For the runners' high. Apparently,I am not alone in wondering about the reality of this phenomenon. According to this article in Tuesday's Washington Post, the "endorphin rush" was first identified in the 1970s in research done on marathon runners' blood levels. Later studies, however, showed that "endorphins don't cross into the brain easily. They get metabolized." On the other hand, some studies have demonstrated that exercise increases the levels of three key neurotransmitters, which are associated with elevated moods. On the other other hand, research has shown that just "walking for 30 minutes had a significant effect in depressed patients." But that was self-reported, so not conclusive.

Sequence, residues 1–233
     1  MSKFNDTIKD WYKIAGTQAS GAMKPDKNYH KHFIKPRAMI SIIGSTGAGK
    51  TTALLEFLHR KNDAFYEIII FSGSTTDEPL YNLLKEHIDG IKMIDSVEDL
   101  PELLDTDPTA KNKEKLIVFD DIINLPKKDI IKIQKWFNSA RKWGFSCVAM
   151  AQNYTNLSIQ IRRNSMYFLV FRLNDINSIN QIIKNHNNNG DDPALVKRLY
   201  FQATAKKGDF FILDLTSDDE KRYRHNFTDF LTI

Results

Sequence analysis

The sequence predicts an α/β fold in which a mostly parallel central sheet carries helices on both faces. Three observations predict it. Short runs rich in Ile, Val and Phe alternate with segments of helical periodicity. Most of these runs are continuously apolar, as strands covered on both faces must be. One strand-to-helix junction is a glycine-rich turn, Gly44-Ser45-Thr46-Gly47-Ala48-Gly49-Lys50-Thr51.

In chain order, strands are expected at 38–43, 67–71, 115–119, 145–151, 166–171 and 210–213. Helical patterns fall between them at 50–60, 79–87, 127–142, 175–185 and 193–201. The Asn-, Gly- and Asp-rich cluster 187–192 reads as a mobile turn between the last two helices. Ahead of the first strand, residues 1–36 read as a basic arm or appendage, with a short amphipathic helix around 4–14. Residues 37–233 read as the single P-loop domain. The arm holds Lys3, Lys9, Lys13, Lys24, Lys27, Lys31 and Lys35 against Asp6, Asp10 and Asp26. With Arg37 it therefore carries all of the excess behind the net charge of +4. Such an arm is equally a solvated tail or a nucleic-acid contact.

Whatever. I can say that I'm off the antidepressant meds I was on for so many years, and I can directly attribute that to running. But that too is anecdotal, not scientific, evidence.
Even so, the "runners' high" eludes me. (Except when I set a new PR!)